How UND safely feeds students amid ‘social distancing’

From 3,000 meals a day to a few hundred takeout orders, UND Dining adjusts to COVID-19 concerns

UND archival image.

Changes across campus in response to the novel coronavirus are happening at an unprecedented pace. While spring break typically presents a low-volume situation for UND Dining Services, across its dining halls, coffee shops and retail options, the health considerations for both students and staff have required more radical adjustments.

UND Today caught up with Orlynn Rosaasen, dining services director, to find out how CDC recommendations and University directives are affecting such a crucial part of campus life, and what that looks like now that most students are living at home or somewhere else off-campus.

As Provost Tom DiLorenzo said at the March 11 Provost Forum, the situation is especially difficulty because so many components of the University, especially dining, are focused on bringing people together and creating spaces for socialization among peers. As Rosaasen alludes to in the following Q&A, many functions of UND’s values are challenging to achieve in a time of social distancing and remote education.

The following has been lightly edited for clarity

How is your department handling the changes on campus as UND addresses COVID-19? How are its operations changing from what’s typical for the spring break period?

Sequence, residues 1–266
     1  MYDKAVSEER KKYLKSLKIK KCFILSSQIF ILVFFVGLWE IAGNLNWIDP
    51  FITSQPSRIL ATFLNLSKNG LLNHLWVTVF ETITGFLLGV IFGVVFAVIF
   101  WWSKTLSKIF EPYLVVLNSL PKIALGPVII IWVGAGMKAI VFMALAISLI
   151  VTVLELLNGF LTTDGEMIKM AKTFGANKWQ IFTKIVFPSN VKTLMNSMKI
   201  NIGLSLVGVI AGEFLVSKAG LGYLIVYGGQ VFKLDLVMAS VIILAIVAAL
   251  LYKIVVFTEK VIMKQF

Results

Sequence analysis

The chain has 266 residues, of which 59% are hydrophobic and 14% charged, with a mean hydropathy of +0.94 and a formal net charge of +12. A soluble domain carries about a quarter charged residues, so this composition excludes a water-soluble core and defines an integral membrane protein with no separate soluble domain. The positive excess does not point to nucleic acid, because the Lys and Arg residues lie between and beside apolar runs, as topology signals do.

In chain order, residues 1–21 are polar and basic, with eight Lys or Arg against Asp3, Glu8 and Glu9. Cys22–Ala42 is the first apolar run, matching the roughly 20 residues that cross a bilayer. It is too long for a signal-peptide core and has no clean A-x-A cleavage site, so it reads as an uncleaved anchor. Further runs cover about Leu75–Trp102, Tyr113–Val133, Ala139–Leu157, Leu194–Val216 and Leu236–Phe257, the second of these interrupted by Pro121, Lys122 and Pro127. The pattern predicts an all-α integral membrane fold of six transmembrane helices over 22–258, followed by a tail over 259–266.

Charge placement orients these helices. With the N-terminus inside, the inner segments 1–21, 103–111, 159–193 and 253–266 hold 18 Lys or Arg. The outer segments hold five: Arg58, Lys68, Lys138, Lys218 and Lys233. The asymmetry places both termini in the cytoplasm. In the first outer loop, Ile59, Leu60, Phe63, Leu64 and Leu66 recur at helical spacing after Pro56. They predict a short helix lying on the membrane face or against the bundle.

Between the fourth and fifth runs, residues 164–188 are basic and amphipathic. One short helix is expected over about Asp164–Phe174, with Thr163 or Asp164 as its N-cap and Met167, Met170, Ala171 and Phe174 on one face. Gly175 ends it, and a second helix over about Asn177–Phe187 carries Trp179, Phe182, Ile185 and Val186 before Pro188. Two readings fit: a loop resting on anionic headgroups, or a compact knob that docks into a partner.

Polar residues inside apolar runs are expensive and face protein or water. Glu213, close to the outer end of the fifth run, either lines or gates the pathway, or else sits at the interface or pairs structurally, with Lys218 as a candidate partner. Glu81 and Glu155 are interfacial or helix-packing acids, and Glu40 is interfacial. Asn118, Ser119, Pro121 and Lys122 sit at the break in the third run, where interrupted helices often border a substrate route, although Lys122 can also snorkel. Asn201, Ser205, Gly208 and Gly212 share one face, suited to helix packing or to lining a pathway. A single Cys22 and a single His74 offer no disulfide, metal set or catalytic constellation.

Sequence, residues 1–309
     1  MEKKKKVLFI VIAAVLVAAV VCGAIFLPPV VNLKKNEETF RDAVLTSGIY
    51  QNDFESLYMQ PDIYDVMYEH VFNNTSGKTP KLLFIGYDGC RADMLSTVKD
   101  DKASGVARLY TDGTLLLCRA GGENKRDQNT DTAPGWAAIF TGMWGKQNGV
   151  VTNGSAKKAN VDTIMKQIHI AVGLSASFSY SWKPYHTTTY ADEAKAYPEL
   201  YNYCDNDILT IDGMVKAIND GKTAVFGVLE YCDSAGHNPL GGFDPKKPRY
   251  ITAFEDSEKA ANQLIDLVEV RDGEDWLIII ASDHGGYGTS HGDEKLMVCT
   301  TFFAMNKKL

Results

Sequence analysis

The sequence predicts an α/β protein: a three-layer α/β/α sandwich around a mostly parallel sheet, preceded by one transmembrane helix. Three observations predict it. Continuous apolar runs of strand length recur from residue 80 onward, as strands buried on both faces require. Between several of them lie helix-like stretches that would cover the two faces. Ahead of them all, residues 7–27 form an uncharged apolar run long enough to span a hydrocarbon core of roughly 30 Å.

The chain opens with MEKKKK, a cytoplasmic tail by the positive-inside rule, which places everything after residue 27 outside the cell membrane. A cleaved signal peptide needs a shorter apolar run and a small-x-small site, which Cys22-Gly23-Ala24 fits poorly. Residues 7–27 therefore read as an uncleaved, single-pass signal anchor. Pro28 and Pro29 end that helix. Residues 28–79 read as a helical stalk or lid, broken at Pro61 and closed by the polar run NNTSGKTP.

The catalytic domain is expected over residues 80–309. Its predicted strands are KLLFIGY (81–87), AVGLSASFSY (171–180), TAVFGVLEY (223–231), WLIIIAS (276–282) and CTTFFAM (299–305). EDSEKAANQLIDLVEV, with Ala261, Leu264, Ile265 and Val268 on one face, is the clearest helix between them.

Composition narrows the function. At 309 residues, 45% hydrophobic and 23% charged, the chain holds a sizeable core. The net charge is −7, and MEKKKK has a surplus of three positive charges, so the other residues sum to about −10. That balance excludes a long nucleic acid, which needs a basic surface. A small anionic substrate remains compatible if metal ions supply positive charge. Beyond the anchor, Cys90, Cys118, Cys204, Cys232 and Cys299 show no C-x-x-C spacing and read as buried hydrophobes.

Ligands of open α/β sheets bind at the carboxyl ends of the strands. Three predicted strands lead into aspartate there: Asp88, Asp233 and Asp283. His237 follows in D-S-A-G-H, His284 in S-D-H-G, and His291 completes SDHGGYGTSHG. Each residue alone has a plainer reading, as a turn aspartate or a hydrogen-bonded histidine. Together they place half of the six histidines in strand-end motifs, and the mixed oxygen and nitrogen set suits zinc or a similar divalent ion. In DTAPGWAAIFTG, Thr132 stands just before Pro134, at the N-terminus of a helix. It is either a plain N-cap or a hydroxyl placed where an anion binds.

Orlynn Rosaasen

From an operational standpoint, we’re down to just Wilkerson Dining Center being available. It’s on a limited basis, and we’re doing breakfast, lunch and dinner in short windows of time. Everything other than Wilkerson – retail locations, coffee shops, etc. – was closed, as of Monday, March 16.

The bigger thing is that everything is takeout. The dining room in Wilkerson has been closed. Nobody is allowed to go in there, so there isn’t that congregating of people in one place. We have increased the amount of sanitizer stations in the service area so students and staff readily have access to hand sanitizer.

The other big change with switching to takeout is that staff are now serving everything – there is no longer self-service of any kind for students. They aren’t allowed to touch tongs or anything like that. This is all to cut down on contamination of utensils.

How are students’ health and safety being kept top of mind through these changes?

These changes were made in the interest of students and everyone else’s well-being. Any time that you have multiple people touching utensils, you’re going to have those utensils contaminated. So we’ve been looking at best practices and ways to eliminate points of contact. That’s what was taken into consideration in terms of eliminating self-service in Wilkerson. It was also in their best interest with regard to the takeout containers.

Again, with CDC guidelines at the time this was implemented, they were talking about groups less than 50. Now it’s groups less than 10. We felt that we could not keep a dining room open and be able to control groups of that size. Students have a tendency to congregate, and what we’ve been trying to create all these years is a location for socialization. Now we’re trying to slow it down, so it goes against what we’ve tried to do for a long time.